In some scenarios, it may be interesting to use a wildcard certificate to match different instances. First of all, it’s important to understand how they work. Everything is perfectly explained in RFC 6125.
Creating the PSE
First of all, it’s necessary to create the ‘SSL Server Standard’, which is responsible for all incoming connections that the server may receive.
A new window will appear, where you can define the ‘Name’ to be a wildcard value.
Hit the confirm button and you will notice a green entry for each instance that you have in your system.
By selecting the ‘SSL server Standard’, the wildcard certificate will appear:
Also, you can check that each instance has a specific certificate create to it. In my system, there is only one instance, and the certificate can be checked by double-clicking the instance specific button.
Testing the scenario
Now, we can test the communication. Let’s use the ‘WEBGUI’ transaction to check whether the communication is secure or not.
Not working. This is a common error and the solution is described in KBA 2339387. Basically, the web browser doesn’t trust in my server’s certificate, because it is self-signed and I did not imported it in the browser.
Signing the wildcard certificate
To solve this issue, let’s sign the wildcard certificate. If you have any queries about it, you can check this blog post, which contains a guide explaining how to generate the Request and import the Response received by the Certificate Authority.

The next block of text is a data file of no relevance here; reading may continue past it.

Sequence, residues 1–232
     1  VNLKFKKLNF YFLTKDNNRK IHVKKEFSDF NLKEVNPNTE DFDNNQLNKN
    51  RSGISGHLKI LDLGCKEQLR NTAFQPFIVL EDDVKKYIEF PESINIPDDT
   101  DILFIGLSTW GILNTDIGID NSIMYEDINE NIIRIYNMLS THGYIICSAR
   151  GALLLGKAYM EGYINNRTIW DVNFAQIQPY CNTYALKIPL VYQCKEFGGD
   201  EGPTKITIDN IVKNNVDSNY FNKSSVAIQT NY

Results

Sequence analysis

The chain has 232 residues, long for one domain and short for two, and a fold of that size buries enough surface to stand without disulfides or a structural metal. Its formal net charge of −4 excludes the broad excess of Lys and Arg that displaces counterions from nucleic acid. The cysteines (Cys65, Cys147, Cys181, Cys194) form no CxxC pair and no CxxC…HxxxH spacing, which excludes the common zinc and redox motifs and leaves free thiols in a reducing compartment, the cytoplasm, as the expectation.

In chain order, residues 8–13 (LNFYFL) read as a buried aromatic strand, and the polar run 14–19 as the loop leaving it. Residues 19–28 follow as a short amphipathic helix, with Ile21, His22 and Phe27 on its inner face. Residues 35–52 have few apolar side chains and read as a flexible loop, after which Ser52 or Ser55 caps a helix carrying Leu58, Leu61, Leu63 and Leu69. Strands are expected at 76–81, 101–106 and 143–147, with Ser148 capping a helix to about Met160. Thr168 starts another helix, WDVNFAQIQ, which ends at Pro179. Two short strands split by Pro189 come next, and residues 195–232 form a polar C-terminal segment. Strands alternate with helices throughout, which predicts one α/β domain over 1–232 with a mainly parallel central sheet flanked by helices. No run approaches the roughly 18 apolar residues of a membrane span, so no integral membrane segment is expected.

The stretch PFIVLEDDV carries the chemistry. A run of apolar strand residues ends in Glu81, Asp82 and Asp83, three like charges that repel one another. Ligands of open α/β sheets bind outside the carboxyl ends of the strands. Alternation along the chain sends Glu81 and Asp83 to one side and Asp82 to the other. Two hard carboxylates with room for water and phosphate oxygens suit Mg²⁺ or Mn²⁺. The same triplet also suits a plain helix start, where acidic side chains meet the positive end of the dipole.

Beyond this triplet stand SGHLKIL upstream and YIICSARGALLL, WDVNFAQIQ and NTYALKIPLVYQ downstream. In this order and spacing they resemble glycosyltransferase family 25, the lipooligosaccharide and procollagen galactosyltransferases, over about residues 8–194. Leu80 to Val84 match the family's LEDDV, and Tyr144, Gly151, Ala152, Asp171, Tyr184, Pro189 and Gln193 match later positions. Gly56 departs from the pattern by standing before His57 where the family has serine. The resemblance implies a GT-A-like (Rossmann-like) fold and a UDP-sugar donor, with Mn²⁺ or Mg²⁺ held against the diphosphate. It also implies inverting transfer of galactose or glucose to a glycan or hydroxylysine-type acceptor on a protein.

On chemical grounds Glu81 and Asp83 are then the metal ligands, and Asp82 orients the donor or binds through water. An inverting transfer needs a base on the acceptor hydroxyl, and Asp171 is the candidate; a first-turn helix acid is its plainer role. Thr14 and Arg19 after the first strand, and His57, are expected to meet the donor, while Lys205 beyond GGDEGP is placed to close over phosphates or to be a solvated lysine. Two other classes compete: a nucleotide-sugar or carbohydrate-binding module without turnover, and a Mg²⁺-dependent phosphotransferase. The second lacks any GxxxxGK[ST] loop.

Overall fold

Ok. Certificate signed:
Let’s test the WebGUI again.
Wait, what? The same error happened. Let’s take a closer look at this error.
If you click on ‘Continue to this website (not recommended)’ message, the login page of WebGUI will appear. Then, we can click in ‘Certificate error’ (at the right end of the red address bar) to show up the certificate returned by the server.
Well, this is not our wildcard certificate, but the instance specific.
Actually, this is the expected behavior. The Application Server will always return the instance specific certificate.
What we need to do now is to configure the Application Server to use the wildcard certificate instead of the instance specific.
Changing the certificate for one instance
This is simple. Access ‘STRUST’ transaction and:
- Right click the ‘SSL server Standard’;
- Select the ‘Change’ option.
A new window will appear, showing the DN of each instance.
Then, you can delete the value of the instance specific field (left it empty), as the wizard states:
“Instances with empty distinguished names are given the standard PSE”.
In fact, the process can be simplified when the PSE was created. In the first creation wizard, it’s possible to already do this part of the configuration and do not create any instance specific entries, only the system wide one (which should be created with the wildcard certificate).
To finish, just confirm the changes. Back in STRUST, hit the ‘Save’ button at the top.
Depending on you NW release, it may be necessary to restart the ICM to the changes take effect.
Let’s check the WebGUI again:
Now, everything is working fine. There is no error message and the wildcard certificate is being used. 😀
Usually, there is more than one instance that will use this certificate. All you need to do is, in the ‘Change’ window, to configure the wildcard certificate to be used in that instance too.
510007 : Setting up SSL on Application Server ABAP
2339387 : Warning “There is a problem with this website’s security certificate” when accessing AS ABAP via HTTPS URL
RFC 6125 : Best Practices for Checking of Server Identities in the Context of Transport Layer Security (TLS)
How to create the CSR and how to import the certificate response? : Signing certificates in STRUST
2445947 : [WEBINAR] Setting up SSL on NetWeaver Application Server for ABAP